FORT SHAFTER, Hawaii (Jan. 4, 2016) -- Another new year is about to begin and resolutions are being made.

Is going on a diet, losing weight and being healthier at the top of your list again or for the first time?

Tripler Army Medical Center's [TAMC's] Capt. William Conkright, chief, Nutrition Outpatient Clinic, offers some advice and tips on how to make improving your health a successful journey.

Conkright is a model of what he teaches beneficiaries who seek his assistance. He is an exercise enthusiast who sets realistic expectations to maintain a healthy lifestyle; incorporating a healthy balance of fitness and nutrition.

His commitment to his health and well-being has paid off.

He often receives a perfect score on the Army physical fitness test, or APFT, and represented TAMC at the 31st annual Army Ten-Miler race in Washington, D.C., completing the race in under an hour.

What Conkright does to keep fit and maintain his health is no secret.

His habits follow closely with the components of the Army's Performance Triad: sleep, activity and nutrition.

"I make sure I have a consistent well-balanced lifestyle, not just a healthy diet. I eat plenty of vegetables, alongside proportional amounts of protein and carbohydrates to fuel and recover from activity. I exercise smartly, sleep at least seven to eight hours each day and manage my stress," Conkright said.

He admits that he is not perfect but instead, "I stick to a healthy, consistent eating habit about 80 percent of the time. I allow myself 'outside the norm' behavior about 20 percent of the time, such as on special occasions like birthdays," Conkright said.

Changes in diet require consistency and setting specific goals to maximize benefits and to help manage expectations.

Those changes should be made with one or two, small, specific, sustainable changes - succeeding at those changes - then making another one or two small specific changes.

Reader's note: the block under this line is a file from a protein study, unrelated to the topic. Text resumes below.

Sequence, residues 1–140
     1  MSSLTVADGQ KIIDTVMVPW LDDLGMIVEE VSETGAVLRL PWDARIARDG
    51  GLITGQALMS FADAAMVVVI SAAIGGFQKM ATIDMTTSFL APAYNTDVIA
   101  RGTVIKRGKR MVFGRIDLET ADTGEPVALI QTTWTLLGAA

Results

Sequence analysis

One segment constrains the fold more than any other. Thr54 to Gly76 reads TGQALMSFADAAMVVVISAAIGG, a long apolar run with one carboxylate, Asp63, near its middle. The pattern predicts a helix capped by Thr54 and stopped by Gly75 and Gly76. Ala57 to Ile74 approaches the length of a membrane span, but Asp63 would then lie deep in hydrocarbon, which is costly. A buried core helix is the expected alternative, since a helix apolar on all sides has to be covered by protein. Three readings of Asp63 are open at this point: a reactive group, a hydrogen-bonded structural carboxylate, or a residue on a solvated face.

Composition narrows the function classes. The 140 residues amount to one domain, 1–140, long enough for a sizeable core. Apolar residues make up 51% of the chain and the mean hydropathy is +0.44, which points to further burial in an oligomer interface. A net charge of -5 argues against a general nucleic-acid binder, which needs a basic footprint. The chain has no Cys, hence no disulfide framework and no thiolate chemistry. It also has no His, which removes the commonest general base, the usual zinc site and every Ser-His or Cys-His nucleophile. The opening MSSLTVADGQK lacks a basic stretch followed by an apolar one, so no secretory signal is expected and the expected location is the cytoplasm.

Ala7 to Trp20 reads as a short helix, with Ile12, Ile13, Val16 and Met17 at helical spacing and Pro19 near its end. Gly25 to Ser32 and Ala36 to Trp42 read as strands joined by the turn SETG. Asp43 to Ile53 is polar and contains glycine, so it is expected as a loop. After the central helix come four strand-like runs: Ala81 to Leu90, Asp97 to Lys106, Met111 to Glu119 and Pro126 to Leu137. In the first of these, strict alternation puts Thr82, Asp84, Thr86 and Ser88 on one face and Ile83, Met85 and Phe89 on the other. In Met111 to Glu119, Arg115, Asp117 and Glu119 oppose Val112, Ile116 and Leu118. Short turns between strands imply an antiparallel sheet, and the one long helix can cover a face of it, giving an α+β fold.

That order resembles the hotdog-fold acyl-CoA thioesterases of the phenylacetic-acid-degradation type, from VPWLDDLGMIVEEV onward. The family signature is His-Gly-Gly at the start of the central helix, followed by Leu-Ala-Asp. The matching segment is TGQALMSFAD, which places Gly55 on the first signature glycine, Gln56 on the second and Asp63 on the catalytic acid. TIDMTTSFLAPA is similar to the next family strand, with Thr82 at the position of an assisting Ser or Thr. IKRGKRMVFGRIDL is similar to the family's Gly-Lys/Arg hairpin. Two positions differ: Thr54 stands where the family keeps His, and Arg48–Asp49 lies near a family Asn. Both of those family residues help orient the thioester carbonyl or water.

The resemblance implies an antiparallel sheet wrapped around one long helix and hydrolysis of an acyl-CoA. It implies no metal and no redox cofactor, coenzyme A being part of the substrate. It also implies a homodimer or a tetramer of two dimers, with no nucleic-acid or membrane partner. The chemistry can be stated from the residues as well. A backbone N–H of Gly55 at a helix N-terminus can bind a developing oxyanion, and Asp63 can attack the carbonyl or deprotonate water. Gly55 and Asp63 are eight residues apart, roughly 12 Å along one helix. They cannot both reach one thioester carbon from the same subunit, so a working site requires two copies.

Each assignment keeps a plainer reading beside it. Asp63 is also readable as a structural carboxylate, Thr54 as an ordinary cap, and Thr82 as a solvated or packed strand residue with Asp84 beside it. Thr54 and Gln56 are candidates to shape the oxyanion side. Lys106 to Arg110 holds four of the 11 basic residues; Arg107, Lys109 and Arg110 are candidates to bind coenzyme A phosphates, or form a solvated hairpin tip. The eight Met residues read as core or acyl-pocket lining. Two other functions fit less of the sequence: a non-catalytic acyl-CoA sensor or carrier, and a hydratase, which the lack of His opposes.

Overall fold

For example, don't say "I want to lose weight," instead say, "I want to lose 25 pounds in six months, losing two pounds per week" and make adjustments so the goals remain relevant and attainable, which should produce positive results.

"Diet affects a wide range of health-related measures. Most people don't realize that their diet can affect everything from joint pain, to sinuses, to skin clarity, to mental clarity and so much more," Conkright said. "It's also one of the most powerful prevention measures against most common diseases. There is a reason many of our chronic diseases are known as a 'disease of western civilization' and it has a lot to do with diet."

There are a million ways to approach health and fitness; an individual needs to figure out what works best for them.

But Conkright stresses that you shouldn't fixate solely on numbers, like calorie counting.

Instead make sure the calories you are counting are from nutrient dense foods, which assist the body in processing the calories consumed, otherwise you may deprive yourself of vital nutrients.

If you are not sure where to start, Tripler's Nutrition Outpatient Clinic can help you do the figuring.

Dietitians in the clinic offer beneficiaries the tools to help them develop an individualized plan and even incorporate fitness objectives into the plan.